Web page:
IT'S THE CRUDE, DUDE: Greed, Gas, War and the American Way
Oil has become the elephant in the room.
In some ways, we focus obsessively on oil. The headlines are dominated by stories about high gas prices and America's increasing dependence on foreign oil.
But at the same time, there is an awkward silence on the question of whether there was an oil motive in the invasion of Iraq. While the debate over Iraq swirls fast and furious in the media, the one thing that is never really discussed is the possibility that America went to war for oil. While millions of Americans suspect it, that possibility has been vehemently denied by the Bush administration and is dismissed with an impatient roll of the eye by media commentators.
Essentially, there are two separate narratives going on in the media: one about the growing importance of oil in our lives, the other about the fiasco in Iraq.
Are the two connected?
If so, why can't we admit this?
What's at stake?
Who is getting rich as a result?
What is Dick Cheney's role in this?
Linda McQuaig is a leading Canadian journalist who connects the dots in It's the Crude, Dude: Greed, Gas, War and the American Way.
She points out that for decades Washington has been intensely focused on gaining control of the oil reserves of the Middle East. That focus took on new urgency under the Bush administration, with its close ties to Big Oil, including a vice-president who's gotten rich going back and forth between Big Oil and the top echelons of the U.S. government. The urgency was driven by the fact that the vast oil reserves of Iraq – the last unharvested oil bonanza left on earth – were in the process of being parceled off to foreign competitors.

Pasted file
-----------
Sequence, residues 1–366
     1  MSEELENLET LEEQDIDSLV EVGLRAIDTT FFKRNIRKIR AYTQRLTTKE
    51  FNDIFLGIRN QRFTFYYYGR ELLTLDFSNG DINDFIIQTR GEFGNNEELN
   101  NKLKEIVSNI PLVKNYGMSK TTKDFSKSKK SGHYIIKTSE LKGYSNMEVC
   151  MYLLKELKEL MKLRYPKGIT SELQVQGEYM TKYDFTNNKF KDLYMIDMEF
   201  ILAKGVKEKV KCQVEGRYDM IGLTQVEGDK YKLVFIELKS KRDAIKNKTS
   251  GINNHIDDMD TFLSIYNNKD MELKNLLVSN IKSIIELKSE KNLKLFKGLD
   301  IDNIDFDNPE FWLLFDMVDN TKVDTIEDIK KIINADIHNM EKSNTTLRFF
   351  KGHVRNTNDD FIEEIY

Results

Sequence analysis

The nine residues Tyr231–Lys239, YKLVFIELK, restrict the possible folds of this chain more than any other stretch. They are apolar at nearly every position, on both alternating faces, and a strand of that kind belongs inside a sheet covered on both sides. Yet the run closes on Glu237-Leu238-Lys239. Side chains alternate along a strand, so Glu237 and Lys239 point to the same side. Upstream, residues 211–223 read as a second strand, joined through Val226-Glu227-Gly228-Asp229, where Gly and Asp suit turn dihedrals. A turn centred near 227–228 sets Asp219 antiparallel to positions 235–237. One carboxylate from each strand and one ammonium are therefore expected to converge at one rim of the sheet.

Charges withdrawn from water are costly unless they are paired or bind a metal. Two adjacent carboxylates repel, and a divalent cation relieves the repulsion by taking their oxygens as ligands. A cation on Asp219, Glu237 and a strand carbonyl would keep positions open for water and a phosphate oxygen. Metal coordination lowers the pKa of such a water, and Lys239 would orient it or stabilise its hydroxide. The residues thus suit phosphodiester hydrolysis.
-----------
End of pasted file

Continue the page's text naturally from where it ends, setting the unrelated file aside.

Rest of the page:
Iraq represented the alluring prospect of future energy security for the United States, even as America's own oil reserves were dwindling. And, with potential profits in the range of $100 billion a year, Iraq also represented the future of the oil industry. In the words of Wall Street oil analyst Fadel Gheit, Iraq "is the big dance. Everyone wants to be there."
But the U.S. oil giants hadn't been invited to the big dance. Instead, Saddam Hussein had been busy making deals with oil companies from other nations, including America's arch-rivals: China, Russia and France.
All this was on the minds of top executives of the big U.S. oil companies when they met, amid great secrecy, with Dick Cheney and his task force on energy, which had been set up within days of the new administration taking office. Although the administration has fought fiercely to prevent information about the deliberations of the task force being released, task force documents obtained under court order reveal an intense focus on Iraq and the question of how to gain control of its massive reserves – even as the administration was drawing up plans for toppling Saddam.
All this was underway, months before the attacks of September 11, 2001.